“The decision to invest millions in local banks underscores the City of Rancho Cordova’s commitment to supporting our local economy and businesses,” says Mayor of Rancho Cordova, Linda Budge. “The RISE program is built on the strong presence of local banks in the community, which have been beneficial for the City’s economic growth and development, while also meeting the individual needs of our residents.”

The decision was made after Region Finance, a trade association of Sacramento Region Business Association which is comprised of community banks, reached out to ask that the City of Rancho Cordova adopt RISE as a new tool for economic growth and business expansion.

“We applaud the City of Rancho Cordova for choosing to help our economy RISE and thank the City Council for its leadership,” said Josh Wood, CEO of Sacramento Region Business Association.  “RISE is a groundbreaking yet simple policy where local governments redirect their funds to local banks who are dedicated to investing those funds to grow small businesses in our community.”

It is the intention of the RISE program to:

·         Pay an attractive interest/earnings rate that will be tied to the most recently published Local Agency Investment Fund (LAIF) monthly interest earnings rate.

·         Lend no less than 50 percent of City funds on deposit to small and medium businesses in the City of Rancho Cordova.

·         Provide streamlined, local underwriting for businesses working with RISE

·         Promote the City as a leader in the Sacramento region’s community bank RISE initiative.

·         Promote the Community Bank/City partnership through RISE and when possible publicize loans made with City funds.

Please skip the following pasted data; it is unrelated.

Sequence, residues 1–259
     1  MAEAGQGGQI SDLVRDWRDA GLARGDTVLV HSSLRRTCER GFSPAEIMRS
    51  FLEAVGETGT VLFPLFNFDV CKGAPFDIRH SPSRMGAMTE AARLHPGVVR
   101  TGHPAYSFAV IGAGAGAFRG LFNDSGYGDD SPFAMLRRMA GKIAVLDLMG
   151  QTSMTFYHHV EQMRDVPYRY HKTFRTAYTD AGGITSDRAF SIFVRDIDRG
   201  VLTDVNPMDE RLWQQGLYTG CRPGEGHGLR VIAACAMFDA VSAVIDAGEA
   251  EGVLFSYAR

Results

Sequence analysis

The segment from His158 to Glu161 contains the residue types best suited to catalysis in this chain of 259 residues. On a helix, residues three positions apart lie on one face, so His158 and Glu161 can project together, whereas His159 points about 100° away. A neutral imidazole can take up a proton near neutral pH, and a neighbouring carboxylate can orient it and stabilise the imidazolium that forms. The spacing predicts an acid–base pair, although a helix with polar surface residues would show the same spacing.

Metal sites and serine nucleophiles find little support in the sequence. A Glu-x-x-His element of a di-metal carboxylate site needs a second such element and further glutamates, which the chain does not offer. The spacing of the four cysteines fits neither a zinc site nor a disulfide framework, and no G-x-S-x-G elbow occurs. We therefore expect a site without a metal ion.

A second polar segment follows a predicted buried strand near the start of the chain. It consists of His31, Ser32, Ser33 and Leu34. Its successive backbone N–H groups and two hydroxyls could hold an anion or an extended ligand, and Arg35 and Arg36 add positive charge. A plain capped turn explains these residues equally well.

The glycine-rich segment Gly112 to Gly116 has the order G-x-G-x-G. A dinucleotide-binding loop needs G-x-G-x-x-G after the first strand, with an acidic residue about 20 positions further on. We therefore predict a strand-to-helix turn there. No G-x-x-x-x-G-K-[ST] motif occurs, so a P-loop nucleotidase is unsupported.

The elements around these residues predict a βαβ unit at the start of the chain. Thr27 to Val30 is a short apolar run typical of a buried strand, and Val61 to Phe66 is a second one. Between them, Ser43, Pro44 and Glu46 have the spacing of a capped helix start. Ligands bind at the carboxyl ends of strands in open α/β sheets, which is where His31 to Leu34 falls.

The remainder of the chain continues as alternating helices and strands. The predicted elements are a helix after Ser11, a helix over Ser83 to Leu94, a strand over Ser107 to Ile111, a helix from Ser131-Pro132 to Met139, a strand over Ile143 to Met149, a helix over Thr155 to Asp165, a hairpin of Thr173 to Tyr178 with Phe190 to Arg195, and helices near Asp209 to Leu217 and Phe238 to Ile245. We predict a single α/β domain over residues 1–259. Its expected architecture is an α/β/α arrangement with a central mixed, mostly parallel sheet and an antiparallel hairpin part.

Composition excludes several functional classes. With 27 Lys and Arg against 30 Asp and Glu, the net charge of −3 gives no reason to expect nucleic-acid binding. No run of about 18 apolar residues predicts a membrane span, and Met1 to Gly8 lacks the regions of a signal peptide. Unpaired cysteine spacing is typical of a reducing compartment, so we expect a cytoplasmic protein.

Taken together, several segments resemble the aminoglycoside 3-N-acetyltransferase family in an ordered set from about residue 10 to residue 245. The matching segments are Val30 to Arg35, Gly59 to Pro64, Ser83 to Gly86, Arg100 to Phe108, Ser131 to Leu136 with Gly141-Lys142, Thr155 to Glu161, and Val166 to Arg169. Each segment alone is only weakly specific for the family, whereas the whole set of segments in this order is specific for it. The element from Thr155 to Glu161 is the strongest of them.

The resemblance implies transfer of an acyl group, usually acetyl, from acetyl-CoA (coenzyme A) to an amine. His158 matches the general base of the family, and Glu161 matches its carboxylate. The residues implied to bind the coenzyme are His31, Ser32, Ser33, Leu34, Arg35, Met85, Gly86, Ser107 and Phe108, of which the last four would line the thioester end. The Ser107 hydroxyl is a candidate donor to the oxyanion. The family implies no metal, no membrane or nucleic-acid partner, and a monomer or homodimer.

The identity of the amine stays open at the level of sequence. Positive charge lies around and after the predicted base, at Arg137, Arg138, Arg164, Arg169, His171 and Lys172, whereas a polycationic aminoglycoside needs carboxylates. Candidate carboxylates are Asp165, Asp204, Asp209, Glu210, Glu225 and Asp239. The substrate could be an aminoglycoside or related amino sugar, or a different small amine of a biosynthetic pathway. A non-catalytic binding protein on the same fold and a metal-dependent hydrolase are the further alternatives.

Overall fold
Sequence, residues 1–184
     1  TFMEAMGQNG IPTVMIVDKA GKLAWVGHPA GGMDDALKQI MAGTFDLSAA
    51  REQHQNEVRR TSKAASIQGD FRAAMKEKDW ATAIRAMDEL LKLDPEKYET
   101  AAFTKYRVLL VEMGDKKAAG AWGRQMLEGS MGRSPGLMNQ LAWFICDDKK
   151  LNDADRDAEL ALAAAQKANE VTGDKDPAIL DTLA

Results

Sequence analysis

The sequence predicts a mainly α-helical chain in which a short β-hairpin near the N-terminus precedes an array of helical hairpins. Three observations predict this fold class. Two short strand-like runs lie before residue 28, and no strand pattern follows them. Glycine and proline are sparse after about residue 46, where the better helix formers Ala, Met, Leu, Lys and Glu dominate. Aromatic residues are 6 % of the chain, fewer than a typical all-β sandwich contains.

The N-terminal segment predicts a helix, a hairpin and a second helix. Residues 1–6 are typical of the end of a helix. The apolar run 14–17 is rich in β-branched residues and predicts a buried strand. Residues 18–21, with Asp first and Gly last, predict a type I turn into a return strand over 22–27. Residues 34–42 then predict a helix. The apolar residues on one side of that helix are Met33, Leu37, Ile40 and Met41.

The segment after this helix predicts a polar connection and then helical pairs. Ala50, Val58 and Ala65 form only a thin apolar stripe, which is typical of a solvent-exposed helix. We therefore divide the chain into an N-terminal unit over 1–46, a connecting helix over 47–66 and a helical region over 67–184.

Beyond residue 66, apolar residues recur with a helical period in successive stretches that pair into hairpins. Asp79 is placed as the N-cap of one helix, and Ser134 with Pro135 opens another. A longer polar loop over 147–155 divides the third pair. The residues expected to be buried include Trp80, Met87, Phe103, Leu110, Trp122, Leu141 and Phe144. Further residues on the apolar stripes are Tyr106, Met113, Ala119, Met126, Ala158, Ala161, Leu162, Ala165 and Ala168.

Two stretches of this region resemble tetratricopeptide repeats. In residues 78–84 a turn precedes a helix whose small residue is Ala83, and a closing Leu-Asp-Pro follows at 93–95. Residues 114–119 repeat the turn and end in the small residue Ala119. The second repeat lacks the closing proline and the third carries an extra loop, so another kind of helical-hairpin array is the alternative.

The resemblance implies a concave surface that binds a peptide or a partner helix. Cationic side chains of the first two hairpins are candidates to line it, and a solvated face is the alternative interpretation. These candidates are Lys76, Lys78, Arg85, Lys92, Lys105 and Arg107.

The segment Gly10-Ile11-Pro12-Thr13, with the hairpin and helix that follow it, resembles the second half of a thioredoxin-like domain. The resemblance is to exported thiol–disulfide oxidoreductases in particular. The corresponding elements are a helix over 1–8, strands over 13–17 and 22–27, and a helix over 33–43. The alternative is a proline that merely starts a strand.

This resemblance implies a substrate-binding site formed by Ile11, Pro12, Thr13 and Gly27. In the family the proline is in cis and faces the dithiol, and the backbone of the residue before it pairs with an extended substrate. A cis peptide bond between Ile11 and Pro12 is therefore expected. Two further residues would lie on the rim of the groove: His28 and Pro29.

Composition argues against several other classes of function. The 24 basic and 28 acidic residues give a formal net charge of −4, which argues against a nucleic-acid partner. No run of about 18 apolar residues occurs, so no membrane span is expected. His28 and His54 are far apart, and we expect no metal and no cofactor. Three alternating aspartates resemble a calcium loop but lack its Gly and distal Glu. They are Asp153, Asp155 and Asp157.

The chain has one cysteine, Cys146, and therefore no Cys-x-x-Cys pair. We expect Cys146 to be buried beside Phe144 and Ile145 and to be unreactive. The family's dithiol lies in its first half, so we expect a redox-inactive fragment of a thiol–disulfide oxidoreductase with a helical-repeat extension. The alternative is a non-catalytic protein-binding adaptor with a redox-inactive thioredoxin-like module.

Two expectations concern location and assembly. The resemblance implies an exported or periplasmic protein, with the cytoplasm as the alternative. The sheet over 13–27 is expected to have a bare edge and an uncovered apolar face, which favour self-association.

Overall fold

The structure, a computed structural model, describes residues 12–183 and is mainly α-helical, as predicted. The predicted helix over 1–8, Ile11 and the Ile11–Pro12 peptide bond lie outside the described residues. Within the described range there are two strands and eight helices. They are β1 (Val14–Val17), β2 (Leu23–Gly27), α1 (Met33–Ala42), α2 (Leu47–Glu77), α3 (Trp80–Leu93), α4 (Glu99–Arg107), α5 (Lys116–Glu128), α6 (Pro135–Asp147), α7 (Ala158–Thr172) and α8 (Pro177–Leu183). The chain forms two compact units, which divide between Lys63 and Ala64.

James Beckwith, President and CEO of Five Star Bank, said, “We are excited to partner with the City of Rancho Cordova in the RISE initiative and look forward to the economic development that will result from the City’s investment.  We expect funds invested in RISE to enhance and serve Rancho Cordova in many ways, including job growth, housing and services to local residents.” 

“As a bank headquartered in Rancho Cordova, we are honored to be one of the inaugural partners in the RISE program,” said David E. Ritchie, Jr., President and CEO of American River Bank. “Investment in our local economy is the cornerstone of our mission as a community bank and RISE aligns with our ongoing commitment to serving local business.”

In order to be considered for this investment opportunity, these experienced institutions have proven they can provide protection of public funds, demonstrated financial strength, and complied with several other qualifications of the proposal.

Along with meeting several other qualifications, financial institutions had met the requirement of displaying its institution’s financial strength and having corporate headquarters located in Sacramento, El Dorado, Placer, and/or Yolo County.

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AAA Tipsy Tow Service Across Northern California will Start 4:20 p.m. on Friday, April 20, and Continue Until 4:20 a.m. April 21.   

AAA Press Release  |  2018-04-20